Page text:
The first thing to cross your mind once you hear that a dog has been wetting their bed is that probably, it’s a small puppy urinating while sleeping that hasn’t learned the rules properly yet. But as logical as it may seem, this is usually not the case. If your dog urinates on the bed, read on to find out more!
Older dogs, that have already been perfectly housebroken, can also pee in their sleep and it has nothing to do with the level of laziness or effectiveness of potty training. The best thing to do when faced with situations like these is to skip the dog trainer and go directly to the vet. There are many reasons why your dog might be peeing in her sleep, sometimes it can be directly connected to some specific female problems and very often it is a sign of some underlying medical condition. So just like with any other medical condition – the sooner you find out what you’re dealing with, the better.
Also Read: Help! My pup just won’t wee outside!
To understand why your dog has been peeing her bed, you first have to understand the way things work. Basically, successfully housebreaking your dog, means that she learned how to interpret the special stretch receptors in her bladder walls. This means that once your dog’s bladder gets filled up with urine, said stretch receptors in the bladder wall get activated, triggering muscle contractions that signal to your dog that it’s time to run to the door and bark in order to be let out. At this point, your dog is controlling the sphincter around the neck of the bladder, allowing her to ‘hold in’ urine, up until you let her go outside.
The female issue that might be making your dog wet her bed
A really common cause among female dogs for wetting in their bed is the so-called ‘primary sphincter mechanism incompetence’ or PSMI. This condition has also been referred to by vets as hormone-responsive urinary incontinence, estrogen responsive incontinence or even as simply spay incontinence.
Study collected data shows that 1 out of 5 female dogs have been affected by PSMI after being spayed. The scientific explanation behind this would be that – after being spayed, the estrogen levels in the dog’s body lowers. Since estrogen is important in maintaining a good muscle tone of the sphincters, once the levels lower, trouble can happen. This is especially noticeable in aging dogs because these muscles in spayed dogs tend to get even weaker over time, causing leakage and difficulties holding in urine. And even though it’s mostly seen in senior dogs, it can sometimes affect younger dogs, too.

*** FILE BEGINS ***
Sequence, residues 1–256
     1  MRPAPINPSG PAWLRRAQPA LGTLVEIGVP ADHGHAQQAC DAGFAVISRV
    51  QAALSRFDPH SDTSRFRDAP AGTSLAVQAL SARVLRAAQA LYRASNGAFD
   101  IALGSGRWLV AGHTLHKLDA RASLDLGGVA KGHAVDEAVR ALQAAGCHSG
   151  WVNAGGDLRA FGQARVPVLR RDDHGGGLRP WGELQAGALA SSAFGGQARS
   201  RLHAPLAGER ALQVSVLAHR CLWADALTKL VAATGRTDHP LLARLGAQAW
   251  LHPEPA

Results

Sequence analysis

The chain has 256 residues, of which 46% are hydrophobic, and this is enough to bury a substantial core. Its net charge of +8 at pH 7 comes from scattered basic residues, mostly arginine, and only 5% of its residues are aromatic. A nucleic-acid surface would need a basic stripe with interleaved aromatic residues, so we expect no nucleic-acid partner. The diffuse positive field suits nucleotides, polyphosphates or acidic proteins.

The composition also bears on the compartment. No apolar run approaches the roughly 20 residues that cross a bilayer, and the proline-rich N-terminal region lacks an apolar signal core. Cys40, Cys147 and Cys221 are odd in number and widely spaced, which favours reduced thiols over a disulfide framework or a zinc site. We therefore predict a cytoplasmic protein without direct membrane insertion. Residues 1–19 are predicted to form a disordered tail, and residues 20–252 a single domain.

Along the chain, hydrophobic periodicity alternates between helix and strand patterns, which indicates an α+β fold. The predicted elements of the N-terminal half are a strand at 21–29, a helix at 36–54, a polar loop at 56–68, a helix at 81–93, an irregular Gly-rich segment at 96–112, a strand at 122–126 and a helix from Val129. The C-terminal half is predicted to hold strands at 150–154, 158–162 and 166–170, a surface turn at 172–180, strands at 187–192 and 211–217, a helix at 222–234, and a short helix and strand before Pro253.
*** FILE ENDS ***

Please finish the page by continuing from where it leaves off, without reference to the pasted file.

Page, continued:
Dealing with your dog’s female problems
Of course, the first thing to do is consult your vet for any advice on how to control your dog’s female problems causing her to pee in her bed. You can ask your vet for some prescription medication that will help your dog through strengthening those muscles. For instance, one such medication you can ask for is phenylpropanolamine which has been proven really helpful in strengthening weakened sphincters. And for cases when phenylpropanolamine is simply not strong enough – you can try with DES (diethylstilbestrol) estrogen.
Other possible reasons your dog might be peeing in bed
But of course, not only female dogs can have problems like this. All dogs can develop weakening of the bladder’s sphincter, regardless of their sex and age. Yes, it is less common in males than in female dogs, but when it does happen it usually has to do with their level of testosterone. Very similar to estrogen’s effect in female dogs, testosterone has a huge impact on the strength of the bladder in males.
If you’re the proud owner of a female dog that you’re positive has no estrogen problems, but yet pees in her sleep, there are some other possible causes you might want to check for. For instance, your dog might be having a urinary tract infection, bladder stones, ectopic ureters or even a brain / spinal cord disease (cause a disruption in the communication between your dog’s nerves of the sphincter and her brain).
Sometimes, dogs with diabetes (which makes dogs drink more water) and Cushing’s disease may also experience difficulties controlling their bladder. Both these diseases usually cause dribbles of urine throughout the day, but they too might result in peeing during your dog’s sleep.
Can peeing in bed cause any serious complications?
Peeing in bed will be as surprising for your dog as it will be for you. This means that sometimes your dog might choose some strange ways to deal with the situation, for instance – lick her private areas. Although it might sound pretty safe, being exposed to urine that is caustic can cause urine scalding which might result in raw, reddish skin and dirty hair.
One more complication that a lowered sphincter tone can cause is allowing for bacteria to easily enter the dog’s urinary tract and cause an infection. To prevent this, when experiencing urinary incontinence, make sure you check your dog’s urine at least once in 6 months.
If you do notice your dog has been peeing his bed, the first thing to do is learn of the possible causes, don’t panic and see your vet. Of course, some issues are not so serious and you can definitely solve by yourself, but sometimes even though it looks simple, you can risk your dog getting some serious complications by not treating her in the most suitable way.